Stop Fence Tunnelers

Dogs who dig under a fence to escape can be persistent. Usually filling in each hole that is dug won’t stop these dogs and can be frustrating for you as it can become a never ending chore. Therefore a more permanent solution works better.

The best solution is to create a L-footer along the base of the fence. Take a roll of heavy garden fence or hardware cloth (wire fencing with wire squares) and unroll it alongside your fence. Bend the fencing so a foot of it can be attached to your fence and the remainder will lie flat on the ground at the base of the fence extending into your yard. The name, L-fence, describes the L shape of the fencing once it’s shaped. The base of the L can be staked to the ground, covered with dirt, gravel, rocks, or just let the grass grow up through it. If you let the grass grow, remember it and don’t mow over it; cut it using other, safer means.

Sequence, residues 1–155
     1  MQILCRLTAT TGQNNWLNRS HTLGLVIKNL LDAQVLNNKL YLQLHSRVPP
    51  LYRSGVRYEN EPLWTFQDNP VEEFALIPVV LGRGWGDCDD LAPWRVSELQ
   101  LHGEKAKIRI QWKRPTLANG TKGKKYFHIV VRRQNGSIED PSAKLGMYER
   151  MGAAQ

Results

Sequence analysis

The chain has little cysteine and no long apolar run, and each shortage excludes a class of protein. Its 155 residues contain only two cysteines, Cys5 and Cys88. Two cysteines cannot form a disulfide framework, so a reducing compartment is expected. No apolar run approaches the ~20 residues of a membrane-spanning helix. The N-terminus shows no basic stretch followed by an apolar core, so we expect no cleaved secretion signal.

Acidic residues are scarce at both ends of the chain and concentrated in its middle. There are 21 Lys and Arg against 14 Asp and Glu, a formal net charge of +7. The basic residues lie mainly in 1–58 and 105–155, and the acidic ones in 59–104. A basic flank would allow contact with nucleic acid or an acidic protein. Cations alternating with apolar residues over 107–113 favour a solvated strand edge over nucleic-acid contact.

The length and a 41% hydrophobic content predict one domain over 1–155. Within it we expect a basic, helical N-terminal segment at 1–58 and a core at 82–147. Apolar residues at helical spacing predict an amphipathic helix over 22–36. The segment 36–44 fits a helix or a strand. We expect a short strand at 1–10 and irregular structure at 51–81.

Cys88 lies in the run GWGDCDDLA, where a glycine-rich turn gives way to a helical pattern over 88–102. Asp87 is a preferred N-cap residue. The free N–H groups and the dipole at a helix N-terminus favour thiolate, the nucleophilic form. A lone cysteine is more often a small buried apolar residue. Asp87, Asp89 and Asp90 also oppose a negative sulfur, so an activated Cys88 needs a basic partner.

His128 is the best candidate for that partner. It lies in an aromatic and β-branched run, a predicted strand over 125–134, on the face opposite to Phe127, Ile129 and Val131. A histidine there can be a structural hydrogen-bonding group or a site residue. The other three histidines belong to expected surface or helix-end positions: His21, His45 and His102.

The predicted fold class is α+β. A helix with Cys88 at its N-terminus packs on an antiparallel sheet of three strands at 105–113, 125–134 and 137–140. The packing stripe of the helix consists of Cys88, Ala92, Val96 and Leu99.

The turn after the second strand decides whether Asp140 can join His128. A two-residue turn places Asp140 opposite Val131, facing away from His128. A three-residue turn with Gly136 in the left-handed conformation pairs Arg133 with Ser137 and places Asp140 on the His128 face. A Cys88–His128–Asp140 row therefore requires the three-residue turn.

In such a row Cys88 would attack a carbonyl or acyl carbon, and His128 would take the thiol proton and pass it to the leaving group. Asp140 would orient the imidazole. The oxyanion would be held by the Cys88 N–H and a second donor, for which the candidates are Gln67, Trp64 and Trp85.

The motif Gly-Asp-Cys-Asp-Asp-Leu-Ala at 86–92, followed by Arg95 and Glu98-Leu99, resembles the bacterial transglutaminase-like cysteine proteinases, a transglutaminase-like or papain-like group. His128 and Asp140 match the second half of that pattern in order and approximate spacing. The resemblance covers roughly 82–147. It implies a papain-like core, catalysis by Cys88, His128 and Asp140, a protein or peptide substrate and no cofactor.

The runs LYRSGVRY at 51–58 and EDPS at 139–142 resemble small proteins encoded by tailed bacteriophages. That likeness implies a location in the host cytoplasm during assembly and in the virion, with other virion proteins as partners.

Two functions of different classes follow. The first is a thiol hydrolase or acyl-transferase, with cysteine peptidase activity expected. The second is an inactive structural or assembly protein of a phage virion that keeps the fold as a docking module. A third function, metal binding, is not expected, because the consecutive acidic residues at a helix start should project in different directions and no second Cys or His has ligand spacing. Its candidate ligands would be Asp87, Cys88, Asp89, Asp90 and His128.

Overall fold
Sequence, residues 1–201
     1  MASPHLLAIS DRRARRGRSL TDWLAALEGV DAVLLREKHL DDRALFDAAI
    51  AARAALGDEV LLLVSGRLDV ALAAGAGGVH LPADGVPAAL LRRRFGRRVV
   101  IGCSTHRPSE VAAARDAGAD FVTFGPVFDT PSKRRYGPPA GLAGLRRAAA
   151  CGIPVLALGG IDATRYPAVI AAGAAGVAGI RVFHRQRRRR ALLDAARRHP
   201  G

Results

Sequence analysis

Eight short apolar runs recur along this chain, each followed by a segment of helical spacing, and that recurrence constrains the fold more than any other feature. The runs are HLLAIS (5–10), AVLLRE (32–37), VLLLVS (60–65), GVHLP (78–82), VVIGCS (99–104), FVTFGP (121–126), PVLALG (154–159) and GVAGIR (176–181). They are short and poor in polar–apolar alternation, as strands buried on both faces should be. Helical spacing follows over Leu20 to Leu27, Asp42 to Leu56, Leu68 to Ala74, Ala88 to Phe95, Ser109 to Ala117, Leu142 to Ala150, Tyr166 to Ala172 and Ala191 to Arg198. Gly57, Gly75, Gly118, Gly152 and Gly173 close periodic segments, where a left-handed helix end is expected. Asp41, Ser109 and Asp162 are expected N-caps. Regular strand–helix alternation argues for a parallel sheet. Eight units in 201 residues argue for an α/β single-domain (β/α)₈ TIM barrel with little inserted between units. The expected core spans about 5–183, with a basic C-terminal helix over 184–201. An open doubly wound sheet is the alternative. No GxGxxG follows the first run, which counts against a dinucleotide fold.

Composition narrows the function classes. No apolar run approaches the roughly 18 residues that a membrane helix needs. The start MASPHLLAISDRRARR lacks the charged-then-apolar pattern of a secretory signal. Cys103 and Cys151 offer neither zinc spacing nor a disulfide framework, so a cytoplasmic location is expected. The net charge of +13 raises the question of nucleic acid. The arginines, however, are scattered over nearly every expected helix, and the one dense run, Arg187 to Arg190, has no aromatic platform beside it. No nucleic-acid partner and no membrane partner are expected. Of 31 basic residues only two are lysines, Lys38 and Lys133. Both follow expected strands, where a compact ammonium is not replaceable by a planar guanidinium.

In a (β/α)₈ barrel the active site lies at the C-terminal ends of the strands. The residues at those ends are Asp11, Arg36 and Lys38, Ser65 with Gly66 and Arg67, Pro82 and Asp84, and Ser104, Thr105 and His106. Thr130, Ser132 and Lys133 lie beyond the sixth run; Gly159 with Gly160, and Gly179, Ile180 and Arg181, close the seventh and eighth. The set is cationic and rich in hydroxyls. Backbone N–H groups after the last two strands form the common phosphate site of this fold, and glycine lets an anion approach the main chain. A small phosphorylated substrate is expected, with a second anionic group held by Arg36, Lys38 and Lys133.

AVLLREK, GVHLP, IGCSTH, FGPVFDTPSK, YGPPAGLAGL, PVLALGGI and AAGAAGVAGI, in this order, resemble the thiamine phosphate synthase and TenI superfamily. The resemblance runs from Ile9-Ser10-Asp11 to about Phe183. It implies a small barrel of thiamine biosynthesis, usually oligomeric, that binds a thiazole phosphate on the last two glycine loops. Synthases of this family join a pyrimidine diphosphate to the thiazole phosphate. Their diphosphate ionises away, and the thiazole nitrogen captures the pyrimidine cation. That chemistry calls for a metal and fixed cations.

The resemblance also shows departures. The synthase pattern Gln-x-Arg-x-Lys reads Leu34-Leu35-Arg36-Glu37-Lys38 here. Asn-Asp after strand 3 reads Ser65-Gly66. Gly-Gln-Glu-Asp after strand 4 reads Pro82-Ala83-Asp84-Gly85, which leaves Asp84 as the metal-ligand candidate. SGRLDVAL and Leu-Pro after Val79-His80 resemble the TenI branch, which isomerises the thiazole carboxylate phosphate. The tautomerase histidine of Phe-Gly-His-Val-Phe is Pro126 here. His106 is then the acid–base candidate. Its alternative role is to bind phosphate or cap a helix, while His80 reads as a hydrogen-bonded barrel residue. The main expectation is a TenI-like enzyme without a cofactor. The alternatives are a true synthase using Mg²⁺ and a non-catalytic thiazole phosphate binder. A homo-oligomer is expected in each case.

Stop Fence Jumpers

If your dog likes to jump the fence, create a L-footer but turn it upside down so it’s at the top of your fence. Create that L-shape and fasten the short side to the top of your fence with the rest of the garden or hardware fencing angled into your yard at the top of the fence so when your dog looks up, fencing is above him. You’ll need to use some ingenuity to anchor this fencing though. You can use some lumber to create supports anchored to the top of your fence that will support the folded over garden fence or large angle irons or even metal shelf supports. Take a look at your fence and use your imagination.

Coyote Rollers Stop Climbers

Coyote rollers are designed to slow down or stop coyotes from climbing into your yard and are just as effective to stop a dog from climbing out. There are commercial coyote rollers set ups but if you’re handy you can create one.